Way out west there was this guy, a guy named Clint Bradford. This Bradford guy called himself “The Old Man.” Now, the thing about the Old Man is that sometimes there’s a man just right for his time and place. That ain’t always a good thing, mind, but well, he just kind of fit in there right when people needed something done. Clint wasn’t no Timeclock Soldier either, no sir; he didn’t just do his four years and get out. There are some that claim that he was enlisted in the army as soon as he was born, others say that he wasn’t born, but was a robot created by the army. Proves there are idiots no matter what planet you’re from, but… ah, I lost my train of thought there.
* * * * *
Two hundred paratroopers had just flung themselves out of the bomb bay of the aircraft, followed by two armored vehicles that would carry them fifty miles north to the village of Kami. It had always struck him odd how quiet the vacant belly of an aircraft flying at two hundred miles per hour with the back end opened is. It seemed to him there should be more wind.
“Two minutes to drop point,” the pilot radioed.
Clint reached down into the specially-installed cooler and grabbed an ice cream cone – the kind with the frozen chocolate lump at the bottom. He unwrapped it and licked the ice cream, remembering himself as child making vrooming sounds and dreaming of the day he would grow up to be an airplane. The Old Man bit the chocolate core off the cone and sighed with bitter pleasure. He stood, feeling none of the claims of his moniker. He tossed the ice cream cone out of the bomb bay doors and jumped out after it.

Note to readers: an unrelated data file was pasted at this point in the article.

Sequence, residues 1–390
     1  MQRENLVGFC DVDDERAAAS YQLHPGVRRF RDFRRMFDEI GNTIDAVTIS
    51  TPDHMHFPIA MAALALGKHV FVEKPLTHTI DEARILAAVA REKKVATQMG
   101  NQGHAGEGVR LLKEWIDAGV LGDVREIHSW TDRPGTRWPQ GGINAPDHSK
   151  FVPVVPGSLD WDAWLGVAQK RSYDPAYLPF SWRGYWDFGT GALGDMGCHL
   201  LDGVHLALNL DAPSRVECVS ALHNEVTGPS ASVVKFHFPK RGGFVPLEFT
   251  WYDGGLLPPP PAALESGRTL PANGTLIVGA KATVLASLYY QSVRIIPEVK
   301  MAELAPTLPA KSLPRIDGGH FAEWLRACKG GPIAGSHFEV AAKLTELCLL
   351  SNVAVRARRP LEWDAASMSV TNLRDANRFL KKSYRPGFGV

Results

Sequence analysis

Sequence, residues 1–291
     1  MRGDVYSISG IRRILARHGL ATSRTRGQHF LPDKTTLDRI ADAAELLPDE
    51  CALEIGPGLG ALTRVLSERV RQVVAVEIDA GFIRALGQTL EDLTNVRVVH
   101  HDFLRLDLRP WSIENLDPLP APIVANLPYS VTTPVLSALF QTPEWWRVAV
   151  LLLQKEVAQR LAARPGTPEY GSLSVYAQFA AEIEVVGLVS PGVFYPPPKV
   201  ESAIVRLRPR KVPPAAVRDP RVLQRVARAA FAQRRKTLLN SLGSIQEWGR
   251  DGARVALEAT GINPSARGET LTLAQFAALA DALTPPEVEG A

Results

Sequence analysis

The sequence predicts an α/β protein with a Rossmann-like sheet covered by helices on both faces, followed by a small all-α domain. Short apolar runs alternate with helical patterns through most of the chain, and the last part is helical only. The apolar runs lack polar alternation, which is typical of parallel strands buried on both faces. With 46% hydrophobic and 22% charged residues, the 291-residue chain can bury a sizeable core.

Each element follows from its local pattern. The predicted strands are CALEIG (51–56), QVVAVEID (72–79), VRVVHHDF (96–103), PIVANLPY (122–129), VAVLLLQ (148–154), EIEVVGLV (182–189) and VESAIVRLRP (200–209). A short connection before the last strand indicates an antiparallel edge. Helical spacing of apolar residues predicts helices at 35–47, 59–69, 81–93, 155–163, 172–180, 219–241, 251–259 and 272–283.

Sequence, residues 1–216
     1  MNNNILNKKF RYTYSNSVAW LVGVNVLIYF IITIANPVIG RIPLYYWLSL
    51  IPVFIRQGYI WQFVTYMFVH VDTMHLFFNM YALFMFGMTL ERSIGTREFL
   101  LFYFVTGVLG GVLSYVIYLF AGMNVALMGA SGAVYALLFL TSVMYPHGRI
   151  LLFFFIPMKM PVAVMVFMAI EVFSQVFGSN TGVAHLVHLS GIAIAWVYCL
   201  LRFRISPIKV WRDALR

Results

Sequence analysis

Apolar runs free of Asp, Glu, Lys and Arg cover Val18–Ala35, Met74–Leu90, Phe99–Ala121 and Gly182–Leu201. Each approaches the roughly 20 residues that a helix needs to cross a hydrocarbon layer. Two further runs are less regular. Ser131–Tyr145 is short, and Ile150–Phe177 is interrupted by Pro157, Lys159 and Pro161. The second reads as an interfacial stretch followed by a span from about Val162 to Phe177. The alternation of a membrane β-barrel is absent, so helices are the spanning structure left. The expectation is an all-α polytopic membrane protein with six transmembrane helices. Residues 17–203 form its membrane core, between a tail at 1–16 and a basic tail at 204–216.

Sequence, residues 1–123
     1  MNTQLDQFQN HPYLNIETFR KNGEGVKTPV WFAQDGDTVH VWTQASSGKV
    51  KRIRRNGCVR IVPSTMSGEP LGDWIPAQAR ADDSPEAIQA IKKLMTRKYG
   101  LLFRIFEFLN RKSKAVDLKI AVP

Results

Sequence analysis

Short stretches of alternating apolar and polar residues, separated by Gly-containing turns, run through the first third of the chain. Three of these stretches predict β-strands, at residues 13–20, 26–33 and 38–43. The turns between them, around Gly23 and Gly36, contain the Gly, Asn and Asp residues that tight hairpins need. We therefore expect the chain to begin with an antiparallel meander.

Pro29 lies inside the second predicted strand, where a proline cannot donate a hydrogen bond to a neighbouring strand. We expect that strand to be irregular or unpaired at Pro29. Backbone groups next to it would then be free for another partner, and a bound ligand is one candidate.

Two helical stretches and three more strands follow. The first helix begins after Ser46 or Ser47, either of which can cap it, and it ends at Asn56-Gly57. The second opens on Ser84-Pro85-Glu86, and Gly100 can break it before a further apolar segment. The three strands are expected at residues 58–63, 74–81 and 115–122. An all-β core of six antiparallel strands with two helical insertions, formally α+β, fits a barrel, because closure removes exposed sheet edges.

As quiet as the inside of the plane had felt, falling with nothing about him but air sounded like the void. Not even the snap of the Old Man’s parachute made much noise, which was a real shame. In the village of Kami below, nobody received any warning that he was coming, they had no reason to believe that an army would grind the town into the dirt come dawn, no reason at all to believe that Clint would bathe the town in the blood of its residents before that.
Cloaked in the dim light of the second sun Clint slipped from house to house, silently slitting throats and manually choking the life from those unfortunate enough to have wanted a glass of water or answer nature’s call.
In the silent moments before he started lighting fires Clint stared upward at the second sun, and accepted it not as a natural phenomenon but as an omen. Destruction was coming. The Old Man then thanked his lucky stars that the residents of Kami weren’t superstitious, and set work to burning it to the ground. After all, who’s to say an army invaded a place that is no longer there?